Morneau, 31, is looking to build on his 2012 campaign that saw him play in more than 130 games for the first time since '09. But he dealt with his fair share of injuries, such as a wrist injury that sapped his power, so he could bounce back in a big way in '13.

3. What will the Twins look like up the middle of the diamond?
The Twins are set at catcher with Joe Mauer, Ryan Doumit and possibly Drew Butera on the roster, but there are question marks at second base, shortstop and center field.

The Twins will have an open competition in the middle infield in Spring Training with Brian Dozier, Pedro Florimon, Jamey Carroll and Eduardo Escobar as candidates for both spots. Florimon and Dozier are the favorites, but Carroll has the most experience. Escobar is more likely to be in a utility role.

Center field is also up for grabs with Darin Mastroianni the favorite to take over after the departures of both Denard Span and Ben Revere. But prospects Aaron Hicks and Joe Benson will both be in the mix in Spring Training.

2012 record
66-96, fifth in the AL Central.

Projected batting order
1. CF Darin Mastroianni:
  .252 BA, .328 OBP, .350 SLG, 3 HR, 17 RBI in 2012
2. C Joe Mauer:
  .319 BA, .416 OBP, .446 SLG, 10 HR, 85 RBI in 2012
3. LF Josh Willingham:
  .260 BA, .366 OBP, .524 SLG, 35 HR, 110 RBI in 2012
4. 1B Justin Morneau:
  .267 BA, .333 OBP, .440 SLG, 19 HR, 77 RBI in 2012
5. DH Ryan Doumit:
  .275 BA, .320 OBP, .461 SLG, 18 HR, 75 RBI in 2012
6. RF Chris Parmelee:
  .229 BA, .290 OBP, .380 SLG, 5 HR, 20 RBI in 2012
7. 3B Trevor Plouffe:
  .235 BA, .301 OBP, .455 SLG, 24 HR, 55 RBI in 2012
8. 2B Brian Dozier:
  .234 BA, .271 OBP, .332 SLG, 6 HR, 33 RBI in 2012
9. SS Pedro Florimon:
  .219 BA, .272 OBP, .307 SLG, 1 HR, 10 RBI in 2012

Projected rotation
1. Scott Diamond, 12-9, 3.54 ERA in 2012
2. Mike Pelfrey, 0-0, 2.29 ERA in 2012
3. Vance Worley, 6-9, 4.20 ERA in 2012
4. Kevin Correia, 12-11, 4.21 ERA in 2012
5. Kyle Gibson, Did not pitch in Majors in 2012

Projected bullpen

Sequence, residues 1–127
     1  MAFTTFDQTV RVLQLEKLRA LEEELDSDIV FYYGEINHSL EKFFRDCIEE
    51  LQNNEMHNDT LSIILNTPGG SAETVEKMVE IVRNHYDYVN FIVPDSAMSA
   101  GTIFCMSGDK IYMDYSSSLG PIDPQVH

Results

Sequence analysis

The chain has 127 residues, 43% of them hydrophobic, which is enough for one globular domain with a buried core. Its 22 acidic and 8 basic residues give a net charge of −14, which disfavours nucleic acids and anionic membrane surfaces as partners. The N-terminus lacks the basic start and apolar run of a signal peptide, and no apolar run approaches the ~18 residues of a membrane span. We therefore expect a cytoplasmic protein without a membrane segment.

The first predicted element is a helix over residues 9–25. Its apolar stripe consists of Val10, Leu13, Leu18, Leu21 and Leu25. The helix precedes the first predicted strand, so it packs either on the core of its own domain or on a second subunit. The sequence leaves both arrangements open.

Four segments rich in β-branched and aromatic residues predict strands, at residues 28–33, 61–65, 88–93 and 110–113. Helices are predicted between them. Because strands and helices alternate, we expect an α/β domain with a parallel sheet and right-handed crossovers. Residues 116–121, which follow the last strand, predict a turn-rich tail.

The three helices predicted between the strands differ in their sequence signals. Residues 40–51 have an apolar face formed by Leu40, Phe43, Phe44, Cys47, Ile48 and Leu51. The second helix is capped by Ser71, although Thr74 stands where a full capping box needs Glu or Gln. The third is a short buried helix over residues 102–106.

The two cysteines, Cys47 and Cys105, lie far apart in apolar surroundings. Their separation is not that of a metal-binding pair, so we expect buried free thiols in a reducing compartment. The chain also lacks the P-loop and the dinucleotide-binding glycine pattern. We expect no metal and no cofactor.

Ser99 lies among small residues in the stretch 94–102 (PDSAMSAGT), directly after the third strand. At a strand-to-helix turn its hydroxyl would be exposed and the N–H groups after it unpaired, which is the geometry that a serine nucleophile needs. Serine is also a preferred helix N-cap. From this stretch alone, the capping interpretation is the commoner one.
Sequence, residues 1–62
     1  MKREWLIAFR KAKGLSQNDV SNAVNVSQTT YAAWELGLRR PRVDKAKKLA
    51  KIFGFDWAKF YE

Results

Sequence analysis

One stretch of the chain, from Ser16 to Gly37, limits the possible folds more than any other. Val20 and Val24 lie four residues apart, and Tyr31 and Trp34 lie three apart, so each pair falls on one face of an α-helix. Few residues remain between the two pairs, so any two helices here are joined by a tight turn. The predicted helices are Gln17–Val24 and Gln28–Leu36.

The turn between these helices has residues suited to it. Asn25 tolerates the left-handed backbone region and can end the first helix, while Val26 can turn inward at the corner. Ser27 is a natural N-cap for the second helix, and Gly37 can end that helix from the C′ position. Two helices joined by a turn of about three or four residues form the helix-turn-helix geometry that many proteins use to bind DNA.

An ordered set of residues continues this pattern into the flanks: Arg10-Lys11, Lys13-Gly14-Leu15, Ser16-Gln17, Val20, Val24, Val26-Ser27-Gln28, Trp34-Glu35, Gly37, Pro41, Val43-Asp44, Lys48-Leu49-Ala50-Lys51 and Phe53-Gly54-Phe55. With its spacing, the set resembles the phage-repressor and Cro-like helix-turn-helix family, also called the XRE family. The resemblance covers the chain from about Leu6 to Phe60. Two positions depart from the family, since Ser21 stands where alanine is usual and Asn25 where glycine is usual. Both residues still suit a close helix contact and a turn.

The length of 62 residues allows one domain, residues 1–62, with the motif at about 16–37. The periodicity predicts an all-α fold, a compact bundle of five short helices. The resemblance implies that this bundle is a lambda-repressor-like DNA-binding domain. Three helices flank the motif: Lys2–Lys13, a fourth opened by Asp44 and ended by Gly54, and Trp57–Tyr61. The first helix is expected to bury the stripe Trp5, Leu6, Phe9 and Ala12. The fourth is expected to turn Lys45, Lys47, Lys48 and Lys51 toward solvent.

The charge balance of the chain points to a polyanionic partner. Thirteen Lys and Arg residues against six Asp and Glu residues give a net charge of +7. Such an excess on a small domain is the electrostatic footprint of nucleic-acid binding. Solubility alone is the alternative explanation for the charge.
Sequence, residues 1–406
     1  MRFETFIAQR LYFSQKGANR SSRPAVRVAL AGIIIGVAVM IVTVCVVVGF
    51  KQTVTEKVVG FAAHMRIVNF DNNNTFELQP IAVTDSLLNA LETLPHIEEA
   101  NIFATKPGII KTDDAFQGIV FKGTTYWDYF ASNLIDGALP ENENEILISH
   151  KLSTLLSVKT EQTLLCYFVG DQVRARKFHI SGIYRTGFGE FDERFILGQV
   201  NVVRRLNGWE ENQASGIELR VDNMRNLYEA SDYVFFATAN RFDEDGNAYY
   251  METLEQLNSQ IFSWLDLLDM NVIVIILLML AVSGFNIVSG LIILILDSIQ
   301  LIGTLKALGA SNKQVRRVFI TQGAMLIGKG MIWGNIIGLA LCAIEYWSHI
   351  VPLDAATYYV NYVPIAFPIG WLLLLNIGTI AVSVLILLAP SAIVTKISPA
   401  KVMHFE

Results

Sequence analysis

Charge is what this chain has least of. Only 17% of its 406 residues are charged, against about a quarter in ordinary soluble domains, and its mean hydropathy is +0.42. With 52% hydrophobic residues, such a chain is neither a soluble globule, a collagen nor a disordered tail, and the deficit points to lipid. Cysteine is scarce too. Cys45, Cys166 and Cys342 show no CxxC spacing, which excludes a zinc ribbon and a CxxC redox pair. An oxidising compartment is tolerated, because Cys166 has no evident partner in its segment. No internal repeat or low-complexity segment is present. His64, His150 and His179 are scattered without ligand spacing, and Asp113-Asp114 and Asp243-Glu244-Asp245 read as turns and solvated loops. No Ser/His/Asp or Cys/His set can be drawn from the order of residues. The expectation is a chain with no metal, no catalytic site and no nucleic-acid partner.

Closer: Glen Perkins, 16/20 saves, 2.56 ERA in 2012
RH setup man: Jared Burton, 2.18 ERA in 2012
LH setup man: Brian Duensing, 5.12 ERA in 2012

The new guys
RHP Pelfrey: Pelfrey established himself as an effective groundball pitcher with the Mets, but underwent season-ending Tommy John surgery on May 1 after making just three starts in 2012. Pelfrey, who signed a one-year deal for $4 million, is heading into Spring Training without any restrictions. The 6-foot-7 right-hander has a career 4.36 ERA.

RHP Worley: Worley, along with prospect Trevor May, was acquired in the trade that sent Revere to Philadelphia. He's been a capable middle-of-the-rotation starter in parts of three seasons in the Majors with a career 3.50 ERA in 277 2/3 innings. He had a bone chip removed from his elbow that ended his season early, but said he's fully recovered heading into the season.

RHP Correia: With so many injuries to Twins starters last season, the club wanted to add an innings eater to the rotation and did just that by signing Kevin Correia to a two-year deal worth $10 million. Correia averaged 28 starts per year over the last four seasons and posted a 4.21 ERA in 28 starts and four relief appearances with the Pirates last season. He has a career 4.54 ERA in the National League, but Twins scouts liked what they saw last season and recommended the 32-year-old right-hander.